If you don’t have the tools to create meaningful reports, ask for what you need by explaining the benefit of more robust reporting. “Most recruiters are members of the AAPPR; they know what the standard reporting is,” Hager says. “If the HR system doesn't do it, then they can make the case for, ‘These are items that we're not able to report on and industry standard actually tells us this is what we need to be tracking — and we can't do it with this system.’”

4. Use data to back up resource requests

Moses recalls a time with a past employer when her team was understaffed by six or seven recruiters, based on the volumes that needed to be filled. “What I was able to do is show the Board of Directors how much revenue our hires brought in annually. Then I also was able to say, here are industry benchmarks around staffing targets and time to fill. Our time to fill was exceptionally higher than industry standard, but our capacity is also exceptionally lower — more than triple the average requisition load of a physician recruiter nationally. So, if you make the investment to get us to just national average — give me X recruiters, and I will commit to you it will decrease our time to fill by X number of days — this is the potential revenue you're going to see now by filling positions faster,” she says. “The goal is to switch the understanding of the provider recruitment function from transactional to an investment in the business and that it has a return that is multitudes higher than the cost of recruiting.”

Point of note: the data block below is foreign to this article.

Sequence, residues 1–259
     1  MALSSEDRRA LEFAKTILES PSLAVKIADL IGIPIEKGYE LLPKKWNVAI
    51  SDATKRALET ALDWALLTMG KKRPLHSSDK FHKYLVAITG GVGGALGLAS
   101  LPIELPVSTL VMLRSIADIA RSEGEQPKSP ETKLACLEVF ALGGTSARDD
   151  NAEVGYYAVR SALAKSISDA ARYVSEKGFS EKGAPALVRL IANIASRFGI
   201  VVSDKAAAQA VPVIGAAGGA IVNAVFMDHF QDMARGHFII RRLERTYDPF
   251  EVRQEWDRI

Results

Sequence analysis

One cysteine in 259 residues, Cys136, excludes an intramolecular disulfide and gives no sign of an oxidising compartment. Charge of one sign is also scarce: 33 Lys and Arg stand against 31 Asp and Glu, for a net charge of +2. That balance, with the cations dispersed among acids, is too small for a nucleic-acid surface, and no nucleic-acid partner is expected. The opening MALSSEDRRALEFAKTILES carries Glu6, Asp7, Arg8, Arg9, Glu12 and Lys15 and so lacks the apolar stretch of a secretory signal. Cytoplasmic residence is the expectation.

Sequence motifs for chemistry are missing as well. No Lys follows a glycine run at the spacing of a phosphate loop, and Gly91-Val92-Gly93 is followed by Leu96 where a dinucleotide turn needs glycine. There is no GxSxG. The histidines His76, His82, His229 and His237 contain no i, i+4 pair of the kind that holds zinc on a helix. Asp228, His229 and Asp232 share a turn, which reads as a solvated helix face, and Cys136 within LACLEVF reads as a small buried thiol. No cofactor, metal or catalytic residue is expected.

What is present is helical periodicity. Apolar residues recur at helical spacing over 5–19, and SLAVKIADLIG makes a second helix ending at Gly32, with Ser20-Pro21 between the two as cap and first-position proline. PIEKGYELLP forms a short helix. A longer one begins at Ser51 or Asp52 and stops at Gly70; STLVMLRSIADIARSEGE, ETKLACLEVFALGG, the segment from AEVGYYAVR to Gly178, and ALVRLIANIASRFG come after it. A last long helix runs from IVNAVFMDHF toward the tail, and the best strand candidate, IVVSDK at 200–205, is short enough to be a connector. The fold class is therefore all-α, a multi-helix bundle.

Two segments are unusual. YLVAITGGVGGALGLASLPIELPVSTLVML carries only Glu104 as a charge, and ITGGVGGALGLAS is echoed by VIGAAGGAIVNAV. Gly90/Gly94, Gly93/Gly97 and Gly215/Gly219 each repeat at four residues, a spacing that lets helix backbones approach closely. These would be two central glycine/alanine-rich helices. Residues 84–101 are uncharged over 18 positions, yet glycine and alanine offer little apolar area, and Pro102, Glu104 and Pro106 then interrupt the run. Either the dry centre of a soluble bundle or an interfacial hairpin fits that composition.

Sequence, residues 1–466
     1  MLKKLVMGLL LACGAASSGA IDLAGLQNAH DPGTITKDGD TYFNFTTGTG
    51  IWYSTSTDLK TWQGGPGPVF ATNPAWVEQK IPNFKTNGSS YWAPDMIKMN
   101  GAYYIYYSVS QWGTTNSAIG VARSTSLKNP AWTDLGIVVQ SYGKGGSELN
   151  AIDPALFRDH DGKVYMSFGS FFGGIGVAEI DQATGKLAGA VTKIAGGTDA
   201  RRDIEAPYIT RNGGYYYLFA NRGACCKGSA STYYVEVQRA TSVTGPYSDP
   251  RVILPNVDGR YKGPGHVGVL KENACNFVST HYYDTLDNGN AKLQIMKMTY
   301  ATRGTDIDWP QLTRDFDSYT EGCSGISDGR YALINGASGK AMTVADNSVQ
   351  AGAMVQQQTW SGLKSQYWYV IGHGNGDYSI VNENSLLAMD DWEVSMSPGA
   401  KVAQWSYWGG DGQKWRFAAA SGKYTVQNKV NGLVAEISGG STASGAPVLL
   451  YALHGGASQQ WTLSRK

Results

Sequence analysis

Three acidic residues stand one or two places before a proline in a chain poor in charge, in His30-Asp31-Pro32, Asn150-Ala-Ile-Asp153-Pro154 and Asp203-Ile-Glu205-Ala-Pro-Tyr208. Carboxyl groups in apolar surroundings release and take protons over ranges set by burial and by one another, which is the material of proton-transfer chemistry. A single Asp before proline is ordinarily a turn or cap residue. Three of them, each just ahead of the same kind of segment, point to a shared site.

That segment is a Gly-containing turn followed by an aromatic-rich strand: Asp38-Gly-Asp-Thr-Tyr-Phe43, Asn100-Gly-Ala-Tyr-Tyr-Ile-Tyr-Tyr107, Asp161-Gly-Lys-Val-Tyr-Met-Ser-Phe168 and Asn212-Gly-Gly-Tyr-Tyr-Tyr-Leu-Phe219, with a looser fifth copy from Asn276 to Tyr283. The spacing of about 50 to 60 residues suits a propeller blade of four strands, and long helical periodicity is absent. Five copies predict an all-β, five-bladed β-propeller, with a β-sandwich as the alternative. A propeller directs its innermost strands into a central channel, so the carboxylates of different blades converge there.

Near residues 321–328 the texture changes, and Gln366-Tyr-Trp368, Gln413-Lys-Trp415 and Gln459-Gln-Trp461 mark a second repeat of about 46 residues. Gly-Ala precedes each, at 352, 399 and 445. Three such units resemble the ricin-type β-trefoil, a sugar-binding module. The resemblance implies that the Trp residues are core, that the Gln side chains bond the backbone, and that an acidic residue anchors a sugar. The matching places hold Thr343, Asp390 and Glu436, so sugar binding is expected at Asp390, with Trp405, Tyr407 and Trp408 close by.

5. Foster advocates in other departments

It’s important to have champions from across the organization. Hager recalls working to understand who the key players were in various departments — particularly finance, operations, and HR. “And then I just reached out to them and said, ‘We want to improve everything that we're doing with recruitment, retention, and credentialing for our organization. To do that we need a partner. Can I meet with you and talk about what's been working or not working for you in the past? Let's talk about how we can change things for the future.’”

You can also turn to department chairs who lean on you for recruiting. “Who do you have the best relationship with? How do you work with them to elevate the status of recruitment because you're successful? If you're working with a certain chair and you have success, that chair is going to be your best cheerleader,” Simmons says. “If I have half a dozen influential chairs saying, ‘Man, I work with Scott's team, they're fantastic.’ Have third parties tell your story.”

6. Find a mentor

A mentor can help you advance your career and raise your profile. “We actually have a mentoring program through AAPPR,” Hager says. “It's one of the best tools I think we've developed over the past few years.”

In addition to the AAPPR mentorship program, “we also have a very active chat community, webinars, conferences, which are great ways to network and meet people,” Moses says. She adds that LinkedIn is also a great resource. “If you see folks within our space that you're impressed with, that you really appreciate their content, and you see they're engaged with people, I don't think it hurts to just reach out and make an introduction and ask to have a conversation. Our community is rich with thought leaders in this niche field, and we’re all eager to share knowledge and learn from each other.”

CHG Healthcare can help you find the doctors, nurses, and allied professionals you need to staff your facility. To learn more about our staffing solutions, give us a call at 866.588.5996 or email

About the author

Heather Stewart

Heather Stewart is a journalist who frequently covers issues and trends in the healthcare industry.